Valuing the Closely Held Firm by Michael S. LongValuing the Closely Held Firm by Michael S. Long

Valuing the Closely Held Firm

byMichael S. Long, Thomas A. Bryant

Hardcover | October 24, 2007

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A closely held firm is not a smaller version of a large public firm, anymore than a child is a miniature adult. While realizing that like large corporations, value comes from a business's ability to generate future cash flows, Long and Bryant emphasize the differences between the two. Theprimary question is does a separate entity exist or is the business just an extension of its principal owner or manager? If yes, how does this business vary from a large publicly traded firm with market and not management control? This book gets to the fundamental differences between the two and the adjustments made to correctly value. It avoids the traditional multiples of earnings or multiple of sales and other cookie-cutter approaches, to focus on the basic ability to create value. The book also avoids specifics in taxlaws as they change and vary between countries. While providing a conceptual process, Valuing the Closely Held Firm provides numerous examples to lead the reader to understand the concepts.
Michael S. Long is a Professor of Finance at Rutgers Business School. Thomas A. Bryant is The Bollinger Family Endowed Chair in Entrepreneurship, Nicholls State University.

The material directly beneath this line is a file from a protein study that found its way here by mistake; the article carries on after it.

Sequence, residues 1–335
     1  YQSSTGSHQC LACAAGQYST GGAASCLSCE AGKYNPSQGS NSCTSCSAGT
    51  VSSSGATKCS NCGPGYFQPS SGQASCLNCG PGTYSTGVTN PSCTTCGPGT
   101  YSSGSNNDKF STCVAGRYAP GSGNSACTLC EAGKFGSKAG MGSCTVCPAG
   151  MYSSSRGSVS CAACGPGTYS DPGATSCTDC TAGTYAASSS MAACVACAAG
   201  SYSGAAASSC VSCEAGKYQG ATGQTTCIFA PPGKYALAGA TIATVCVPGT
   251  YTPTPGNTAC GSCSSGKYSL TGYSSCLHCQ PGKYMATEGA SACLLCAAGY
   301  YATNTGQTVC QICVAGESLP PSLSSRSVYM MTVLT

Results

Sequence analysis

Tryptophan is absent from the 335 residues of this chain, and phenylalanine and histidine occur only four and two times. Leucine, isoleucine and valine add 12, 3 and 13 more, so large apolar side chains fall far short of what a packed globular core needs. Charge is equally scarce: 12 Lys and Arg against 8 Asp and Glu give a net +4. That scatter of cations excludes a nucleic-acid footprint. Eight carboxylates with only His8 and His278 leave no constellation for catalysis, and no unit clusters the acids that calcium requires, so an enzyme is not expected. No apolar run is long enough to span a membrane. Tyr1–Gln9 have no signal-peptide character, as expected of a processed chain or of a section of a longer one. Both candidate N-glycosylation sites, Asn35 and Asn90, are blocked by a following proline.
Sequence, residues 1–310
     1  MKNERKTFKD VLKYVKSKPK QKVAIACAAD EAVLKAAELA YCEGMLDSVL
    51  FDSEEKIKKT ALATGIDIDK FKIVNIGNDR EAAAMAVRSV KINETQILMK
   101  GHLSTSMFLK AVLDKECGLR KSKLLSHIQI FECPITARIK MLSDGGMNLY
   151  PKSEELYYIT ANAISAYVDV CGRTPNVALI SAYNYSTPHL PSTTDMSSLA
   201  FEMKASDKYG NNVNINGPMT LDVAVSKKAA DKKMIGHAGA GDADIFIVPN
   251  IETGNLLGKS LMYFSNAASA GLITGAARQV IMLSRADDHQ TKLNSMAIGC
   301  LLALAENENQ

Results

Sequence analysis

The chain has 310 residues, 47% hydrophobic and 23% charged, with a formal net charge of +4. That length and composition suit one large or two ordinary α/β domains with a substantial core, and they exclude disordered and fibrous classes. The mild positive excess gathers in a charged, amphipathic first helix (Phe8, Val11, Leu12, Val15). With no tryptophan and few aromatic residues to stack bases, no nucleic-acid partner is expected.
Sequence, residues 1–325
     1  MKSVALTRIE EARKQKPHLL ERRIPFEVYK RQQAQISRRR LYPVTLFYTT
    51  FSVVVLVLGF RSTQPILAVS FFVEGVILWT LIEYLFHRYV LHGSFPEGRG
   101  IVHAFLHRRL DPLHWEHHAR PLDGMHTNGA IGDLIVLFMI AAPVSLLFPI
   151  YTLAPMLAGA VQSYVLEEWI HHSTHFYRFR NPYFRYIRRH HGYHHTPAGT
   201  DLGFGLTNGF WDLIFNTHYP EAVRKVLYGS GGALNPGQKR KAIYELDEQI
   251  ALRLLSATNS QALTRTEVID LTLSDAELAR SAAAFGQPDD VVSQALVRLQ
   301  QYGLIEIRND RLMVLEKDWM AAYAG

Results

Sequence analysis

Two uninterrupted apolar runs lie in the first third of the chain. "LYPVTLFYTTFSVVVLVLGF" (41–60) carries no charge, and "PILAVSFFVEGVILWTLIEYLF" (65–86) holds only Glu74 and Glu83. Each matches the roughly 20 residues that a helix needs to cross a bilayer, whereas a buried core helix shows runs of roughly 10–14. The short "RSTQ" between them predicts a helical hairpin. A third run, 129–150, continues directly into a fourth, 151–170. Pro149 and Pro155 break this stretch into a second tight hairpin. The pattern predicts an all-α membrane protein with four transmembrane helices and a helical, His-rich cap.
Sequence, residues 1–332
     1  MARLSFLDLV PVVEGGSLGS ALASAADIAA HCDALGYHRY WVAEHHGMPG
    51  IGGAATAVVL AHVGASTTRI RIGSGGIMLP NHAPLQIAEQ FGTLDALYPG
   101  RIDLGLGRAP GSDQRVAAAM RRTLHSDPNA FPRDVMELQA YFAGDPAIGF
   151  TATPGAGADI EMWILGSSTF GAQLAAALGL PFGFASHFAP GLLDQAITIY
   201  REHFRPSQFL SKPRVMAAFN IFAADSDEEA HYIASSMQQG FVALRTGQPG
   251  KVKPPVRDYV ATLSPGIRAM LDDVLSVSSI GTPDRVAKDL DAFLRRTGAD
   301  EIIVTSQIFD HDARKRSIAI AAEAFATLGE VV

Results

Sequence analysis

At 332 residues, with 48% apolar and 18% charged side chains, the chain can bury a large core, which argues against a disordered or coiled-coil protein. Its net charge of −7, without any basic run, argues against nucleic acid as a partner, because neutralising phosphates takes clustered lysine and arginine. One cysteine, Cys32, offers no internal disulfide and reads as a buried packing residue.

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Title:Valuing the Closely Held FirmFormat:HardcoverDimensions:320 pages, 6.18 × 9.41 × 0.79 inPublished:October 24, 2007Publisher:Oxford University PressLanguage:English

The following ISBNs are associated with this title:

ISBN - 10:0195301463

ISBN - 13:9780195301465

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Table of Contents

Foreword1. Why Bother Valuing a Private Business?2. Is It a Business - or Just a Pile of Assets?Special Questions and Adjustment in the Valuation of Closely Held Firms3. Valuation When a Firm Is NOT a Going Concern4. Valuation of a Going Concern5. Growth Options and Valuation6. Inflation and Valuation Measurement7. Calculating the Discount Rate for Closely Held Firms8. Planning to Buy? Considerations from the Other Side of the Sale9. The Exit Strategy10. What We Know; Where to Go NextAfterwordAppendicesA1. Glossary of Key TermsA2. Useful Publications and WebsitesA3. Annotated BibliographyA4. How the IRS sees valuation of private firmsA5. WorksheetsA5i Likely buyersA5ii Valuation scenariosA5iii Valuation worksheetIndex